It is too hot. The plants wilt every afternoon. The steering wheel in my van could brand my fingers. The air conditioner is taking fewer rest breaks.
It is too hot. The plants wilt every afternoon. The steering wheel in my van could brand my fingers. The air conditioner is taking fewer rest breaks. Even the neighbors are quieter. This time of year they either ride their lawnmowers to cut dead grass or ride their tractors to cut and bale hay. The birds perch on the birdbaths panting. The cicadas and grasshoppers cry for rain from the trees. Most outdoor activities are done early in the morning day or late in the afternoon. The deck is now very dry and what a fine time to paint the deck with the burnt ochre tinted waterproof sealant. Nope, the temperature is too high. The job must wait until the temperature drops below 86 degrees and/or the afternoon sun is low on the horizon or after night settles and the stars have come out. Can’t depend on moonlight since it entered the new phase at 4:45 this morning. The 8’x12’ treated wood deck is being waterproofed in stages. Should be finished by September.
On the other hand the squirrels, spider mites, and aphids aren’t the least bit phased. The squirrels shimmy up the pole at about ten in the morning and hang around the rest of the day digging into seeds. The spider mites just appeared recently. They are into (actually on the underside of) heirloom tomato leaves, at least the Black Krim (Solanum lycopersicum ‘Black Krim’.) I feel rather responsible for the invasion. Right next to the heirloom was the Mexican Marigold (Tagetes erecta.) The Mexican native bloomed throughout the winter and spring, but not one single yellow flower can be found on the rather expansive greenery. Nevertheless, the unobtrusive host plant provided a dandy home for one or possibly more of 1,200 species of the Acari (mite) family. The marigold was moved to the opposite side of the rain gauge.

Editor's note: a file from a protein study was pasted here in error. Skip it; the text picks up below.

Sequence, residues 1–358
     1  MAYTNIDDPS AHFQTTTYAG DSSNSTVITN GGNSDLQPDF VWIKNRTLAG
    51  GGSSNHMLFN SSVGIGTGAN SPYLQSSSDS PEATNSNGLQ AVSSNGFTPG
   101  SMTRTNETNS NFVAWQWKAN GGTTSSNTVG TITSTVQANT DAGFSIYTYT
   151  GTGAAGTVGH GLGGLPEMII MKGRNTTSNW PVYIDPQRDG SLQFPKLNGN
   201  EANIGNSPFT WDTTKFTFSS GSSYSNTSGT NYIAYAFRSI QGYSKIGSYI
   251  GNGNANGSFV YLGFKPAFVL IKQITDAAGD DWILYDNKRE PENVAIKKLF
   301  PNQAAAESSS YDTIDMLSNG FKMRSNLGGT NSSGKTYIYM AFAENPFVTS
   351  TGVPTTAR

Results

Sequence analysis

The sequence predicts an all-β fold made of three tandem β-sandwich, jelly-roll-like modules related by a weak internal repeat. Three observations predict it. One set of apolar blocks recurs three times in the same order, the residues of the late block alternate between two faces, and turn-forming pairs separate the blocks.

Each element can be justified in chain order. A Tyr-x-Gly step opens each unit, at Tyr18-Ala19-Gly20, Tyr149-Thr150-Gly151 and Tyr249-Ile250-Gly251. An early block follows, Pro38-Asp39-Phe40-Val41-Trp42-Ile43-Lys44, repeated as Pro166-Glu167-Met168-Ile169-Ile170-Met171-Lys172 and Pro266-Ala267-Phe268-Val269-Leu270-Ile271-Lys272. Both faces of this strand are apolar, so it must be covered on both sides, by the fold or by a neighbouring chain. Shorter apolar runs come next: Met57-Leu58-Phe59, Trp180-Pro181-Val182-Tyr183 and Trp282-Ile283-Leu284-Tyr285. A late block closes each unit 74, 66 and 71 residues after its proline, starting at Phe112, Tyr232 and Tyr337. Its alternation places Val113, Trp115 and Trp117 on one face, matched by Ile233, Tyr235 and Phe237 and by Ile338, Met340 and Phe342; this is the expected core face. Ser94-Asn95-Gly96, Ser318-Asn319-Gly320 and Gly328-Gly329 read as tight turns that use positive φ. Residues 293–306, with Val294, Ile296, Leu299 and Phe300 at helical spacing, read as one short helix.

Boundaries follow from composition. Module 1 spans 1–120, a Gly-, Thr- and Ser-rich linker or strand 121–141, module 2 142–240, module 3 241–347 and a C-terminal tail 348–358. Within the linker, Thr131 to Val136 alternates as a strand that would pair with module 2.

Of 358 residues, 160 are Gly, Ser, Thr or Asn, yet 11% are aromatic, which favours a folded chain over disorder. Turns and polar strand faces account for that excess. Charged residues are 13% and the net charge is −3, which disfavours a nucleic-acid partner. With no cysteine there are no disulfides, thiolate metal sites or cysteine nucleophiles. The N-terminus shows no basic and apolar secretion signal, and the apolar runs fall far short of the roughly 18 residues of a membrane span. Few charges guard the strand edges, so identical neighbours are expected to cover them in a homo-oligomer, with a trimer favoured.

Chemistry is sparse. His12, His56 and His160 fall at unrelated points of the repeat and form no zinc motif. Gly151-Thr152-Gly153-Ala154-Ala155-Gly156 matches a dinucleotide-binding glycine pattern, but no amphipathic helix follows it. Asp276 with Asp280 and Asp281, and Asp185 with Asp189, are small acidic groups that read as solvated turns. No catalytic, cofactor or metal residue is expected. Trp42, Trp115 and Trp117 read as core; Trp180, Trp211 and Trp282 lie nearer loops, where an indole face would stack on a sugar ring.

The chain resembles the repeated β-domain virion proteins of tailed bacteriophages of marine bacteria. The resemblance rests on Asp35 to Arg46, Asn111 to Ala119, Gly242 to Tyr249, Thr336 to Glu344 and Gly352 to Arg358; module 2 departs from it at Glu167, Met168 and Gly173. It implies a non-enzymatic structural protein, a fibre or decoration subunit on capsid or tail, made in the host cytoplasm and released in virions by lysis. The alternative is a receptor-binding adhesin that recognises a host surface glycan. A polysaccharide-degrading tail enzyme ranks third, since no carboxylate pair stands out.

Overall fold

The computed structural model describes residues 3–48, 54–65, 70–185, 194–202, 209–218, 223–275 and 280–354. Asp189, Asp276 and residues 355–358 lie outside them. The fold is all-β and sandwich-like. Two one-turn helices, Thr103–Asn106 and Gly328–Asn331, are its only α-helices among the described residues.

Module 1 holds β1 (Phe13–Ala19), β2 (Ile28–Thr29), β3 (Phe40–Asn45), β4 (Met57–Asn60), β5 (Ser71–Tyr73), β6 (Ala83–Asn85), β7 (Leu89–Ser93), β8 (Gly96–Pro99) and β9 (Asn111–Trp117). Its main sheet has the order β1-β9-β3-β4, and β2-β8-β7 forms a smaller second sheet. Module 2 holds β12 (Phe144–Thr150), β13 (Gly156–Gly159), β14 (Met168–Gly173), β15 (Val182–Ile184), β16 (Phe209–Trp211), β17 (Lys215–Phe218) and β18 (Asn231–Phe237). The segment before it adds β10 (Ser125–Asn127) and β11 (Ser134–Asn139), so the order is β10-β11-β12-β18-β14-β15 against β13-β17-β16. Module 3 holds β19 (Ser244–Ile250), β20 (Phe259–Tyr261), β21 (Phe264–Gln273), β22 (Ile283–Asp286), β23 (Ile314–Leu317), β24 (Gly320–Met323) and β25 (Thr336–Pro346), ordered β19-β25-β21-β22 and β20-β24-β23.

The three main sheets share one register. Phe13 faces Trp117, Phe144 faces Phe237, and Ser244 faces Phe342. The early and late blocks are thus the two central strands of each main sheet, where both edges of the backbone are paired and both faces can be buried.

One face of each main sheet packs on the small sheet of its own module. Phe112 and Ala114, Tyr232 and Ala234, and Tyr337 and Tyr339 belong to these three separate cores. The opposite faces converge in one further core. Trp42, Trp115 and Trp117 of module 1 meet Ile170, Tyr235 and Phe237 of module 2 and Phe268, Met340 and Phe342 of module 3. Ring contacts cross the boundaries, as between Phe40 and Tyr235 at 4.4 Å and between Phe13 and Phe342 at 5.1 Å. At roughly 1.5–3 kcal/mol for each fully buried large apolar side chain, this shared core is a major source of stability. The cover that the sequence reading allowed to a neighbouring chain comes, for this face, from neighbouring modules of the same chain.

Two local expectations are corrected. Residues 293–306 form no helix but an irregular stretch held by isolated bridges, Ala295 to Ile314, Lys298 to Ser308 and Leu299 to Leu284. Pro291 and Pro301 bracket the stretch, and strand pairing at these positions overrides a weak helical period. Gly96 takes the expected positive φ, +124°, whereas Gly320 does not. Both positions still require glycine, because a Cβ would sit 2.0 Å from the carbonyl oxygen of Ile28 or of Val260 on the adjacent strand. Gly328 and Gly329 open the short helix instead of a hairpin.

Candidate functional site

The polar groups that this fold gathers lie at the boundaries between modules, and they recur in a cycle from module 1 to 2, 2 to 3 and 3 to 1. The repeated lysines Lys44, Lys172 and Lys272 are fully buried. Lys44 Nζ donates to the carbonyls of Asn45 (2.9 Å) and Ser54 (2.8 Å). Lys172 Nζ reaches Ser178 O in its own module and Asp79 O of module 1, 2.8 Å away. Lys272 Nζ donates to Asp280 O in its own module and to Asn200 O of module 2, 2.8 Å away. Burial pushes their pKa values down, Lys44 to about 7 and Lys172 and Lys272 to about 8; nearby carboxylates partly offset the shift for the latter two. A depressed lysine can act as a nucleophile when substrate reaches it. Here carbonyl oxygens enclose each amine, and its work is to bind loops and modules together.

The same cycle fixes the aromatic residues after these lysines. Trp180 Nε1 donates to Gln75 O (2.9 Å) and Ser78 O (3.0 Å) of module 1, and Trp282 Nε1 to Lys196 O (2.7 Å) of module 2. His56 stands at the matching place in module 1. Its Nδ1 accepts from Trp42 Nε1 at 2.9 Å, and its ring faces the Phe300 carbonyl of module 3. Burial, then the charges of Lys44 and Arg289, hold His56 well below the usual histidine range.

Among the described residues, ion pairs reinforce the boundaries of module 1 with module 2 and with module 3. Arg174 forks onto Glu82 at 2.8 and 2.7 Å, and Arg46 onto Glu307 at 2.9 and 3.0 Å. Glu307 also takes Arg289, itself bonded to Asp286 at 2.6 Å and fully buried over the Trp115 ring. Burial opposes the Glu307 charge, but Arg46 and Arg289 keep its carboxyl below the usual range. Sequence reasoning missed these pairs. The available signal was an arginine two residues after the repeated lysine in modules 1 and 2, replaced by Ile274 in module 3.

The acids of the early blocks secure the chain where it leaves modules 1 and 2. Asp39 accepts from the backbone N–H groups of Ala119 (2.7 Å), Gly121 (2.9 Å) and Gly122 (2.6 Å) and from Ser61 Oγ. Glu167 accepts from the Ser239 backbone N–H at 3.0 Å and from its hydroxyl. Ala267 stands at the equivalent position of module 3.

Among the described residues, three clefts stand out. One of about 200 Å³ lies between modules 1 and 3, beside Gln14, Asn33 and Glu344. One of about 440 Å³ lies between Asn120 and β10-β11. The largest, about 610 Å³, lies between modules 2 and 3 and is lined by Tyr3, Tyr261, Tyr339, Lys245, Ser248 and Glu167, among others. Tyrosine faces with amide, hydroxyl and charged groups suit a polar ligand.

Spider mites are not insects. They are in the spider and scorpion family. Right….eight legs, two body segments and the word spider give it away. The female mite can lay 20 eggs a day for up to four weeks if hot dry conditions prevail….like right now. You do the math. Spider mites love marigolds, blooming or not. They launch themselves from the leaves, riding their little webs like flying carpets on air currents while searching for edible tasty plants. They land, spin tiny webs on the undersides of leaves and proceed to eat. The Black Krim tomato, in my case, began to look sick and the fading green leaves were covered in thousands of itty bitty speckle freckles. I held a white sheet of paper below a leaf and tapped the leaf. Tiny dots appeared and began frantically moving around on the paper. Viola, the Krim has sucking visitors.